It’s famous bridge, the Stari Most were built in the 16th century by the Ottomans over the Neretva River and was once considered one of the most exemplary pieces of Islamic architecture. It was destroyed in the Yugoslavian war during the 90’s and it took 11 years to reconstruct the bridge. It was re-opened in 2004.
Some pieces of the Mostar bridge were recovered from the Neretva River and used in the newly reconstructed bridge.
The Stari Most Bridge is one of the most important landmarks of the country and the city was named after the bridge keepers (mostari) in the middle ages, who guarded the old bridge (Stari Most) at the time.
The 21-meter high bridge is a UNESCO World Heritage Site and on most days you will find local divers jumping from the Stari Most Bridge putting on quite a show. These guys collect money from tourists for the dive, so make sure to drop a few coins to appreciate their efforts.
The Mostar Bridge Museum right next to the bridge allows the visitors to learn about the history of the bridge and about the reconstruction of the bridge. There is also a small market along the bridge, where you can purchase local goods and souvenirs.
After visiting the Mostar Most, which is the main landmark of the city, you should also see the Muslibegovica House. It was constructed 300 years ago by the Ottomans and it is considered one the most beautiful houses in the Balkans. The house has separate sections for men and women and provides an insight into the life of the wealthy family that occupied the house in the middle-ages.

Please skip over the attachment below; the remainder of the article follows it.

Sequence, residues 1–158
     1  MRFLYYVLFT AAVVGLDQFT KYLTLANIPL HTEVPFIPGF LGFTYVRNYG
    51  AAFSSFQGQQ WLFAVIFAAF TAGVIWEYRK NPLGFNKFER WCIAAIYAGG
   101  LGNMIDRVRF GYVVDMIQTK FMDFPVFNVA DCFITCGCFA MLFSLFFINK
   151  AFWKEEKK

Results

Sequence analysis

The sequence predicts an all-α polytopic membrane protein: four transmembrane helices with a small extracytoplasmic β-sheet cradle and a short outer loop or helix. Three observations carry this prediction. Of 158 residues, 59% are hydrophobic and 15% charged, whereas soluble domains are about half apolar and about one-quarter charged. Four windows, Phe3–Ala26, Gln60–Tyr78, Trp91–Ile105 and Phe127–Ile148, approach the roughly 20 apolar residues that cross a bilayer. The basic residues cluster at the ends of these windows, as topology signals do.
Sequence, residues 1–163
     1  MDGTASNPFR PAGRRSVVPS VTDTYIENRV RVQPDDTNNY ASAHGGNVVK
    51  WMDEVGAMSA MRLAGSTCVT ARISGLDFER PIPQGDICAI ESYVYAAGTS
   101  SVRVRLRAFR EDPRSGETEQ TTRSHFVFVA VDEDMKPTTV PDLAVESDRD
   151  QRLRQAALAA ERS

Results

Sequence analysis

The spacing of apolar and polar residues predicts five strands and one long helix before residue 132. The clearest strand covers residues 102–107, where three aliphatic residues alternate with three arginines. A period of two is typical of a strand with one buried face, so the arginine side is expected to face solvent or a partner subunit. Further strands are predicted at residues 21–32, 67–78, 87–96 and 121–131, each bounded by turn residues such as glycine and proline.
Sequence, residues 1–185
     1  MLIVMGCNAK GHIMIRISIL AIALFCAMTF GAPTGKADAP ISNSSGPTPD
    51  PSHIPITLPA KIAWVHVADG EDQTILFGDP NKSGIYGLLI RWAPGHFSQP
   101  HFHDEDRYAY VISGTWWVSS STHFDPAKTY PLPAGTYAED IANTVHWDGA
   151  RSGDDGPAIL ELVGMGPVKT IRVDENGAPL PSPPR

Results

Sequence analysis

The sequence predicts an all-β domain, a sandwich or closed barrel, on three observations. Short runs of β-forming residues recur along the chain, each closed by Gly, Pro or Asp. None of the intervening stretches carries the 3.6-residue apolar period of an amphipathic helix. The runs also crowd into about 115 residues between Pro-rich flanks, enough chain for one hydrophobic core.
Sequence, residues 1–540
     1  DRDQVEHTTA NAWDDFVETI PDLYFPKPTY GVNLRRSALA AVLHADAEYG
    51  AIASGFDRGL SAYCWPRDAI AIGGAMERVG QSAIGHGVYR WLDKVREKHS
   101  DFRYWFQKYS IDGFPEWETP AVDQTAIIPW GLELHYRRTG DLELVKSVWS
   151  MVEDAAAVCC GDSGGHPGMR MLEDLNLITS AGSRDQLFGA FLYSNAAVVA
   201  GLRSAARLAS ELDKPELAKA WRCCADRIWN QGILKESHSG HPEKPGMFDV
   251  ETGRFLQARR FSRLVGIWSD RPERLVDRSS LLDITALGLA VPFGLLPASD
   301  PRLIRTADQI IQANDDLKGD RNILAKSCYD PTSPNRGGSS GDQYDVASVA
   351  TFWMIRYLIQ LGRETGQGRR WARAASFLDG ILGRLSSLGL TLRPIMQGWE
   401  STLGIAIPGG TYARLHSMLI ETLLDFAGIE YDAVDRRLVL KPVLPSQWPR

Another must is to climb the minaret of the Koski Mehmed Pasina Dzamija (Koski Mehmed Pasha Mosque) where you get the best views of the entire town. War history boffins should walk along the former front-line, on Bulevar Revolucije, where the city was divided in 1993 during the Yugoslavian War. The Croats were on the west side and the Bosniaks were on the East side of the front line.
War history boffins should walk along the former front-line, on Bulevar Revolucije, where the city was divided in 1993 during the Yugoslavian War. The Croats were on the west side and the Bosniaks were on the East side of the front line.
For lunch, stop by one of the local restaurants and try the local speciality cevapcici. National Restaurant Cevabdzinica Tima – Irma in the Old Town, makes great Bosnian dishes including cevapcici at very reasonable prices. Pizzeria Roma, near the stadium, is said to make the best pizza in town.
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Author Bio: Written by Barbara, who is London-based luxury travel and lifestyle blogger of www.jet-settera.com. Barabara left her country when she was 17 to conquer the world as a model. Ever since she has lived in seven countries and visited 68.
She blogs about exclusive destinations and the some of the most prestigious events around the World such as Venice, Cannes, San Sebastian Film Festivals, Oscar Parties in LA, Fashion Weeks in Milan or Paris, yacht parties in St-Tropez as well as Prince Albert’s wedding in Monaco.
Barbara also writes about adventure travel across Asia, South-America, and Europe. Read about her latest adventures to Indonesia on her blog.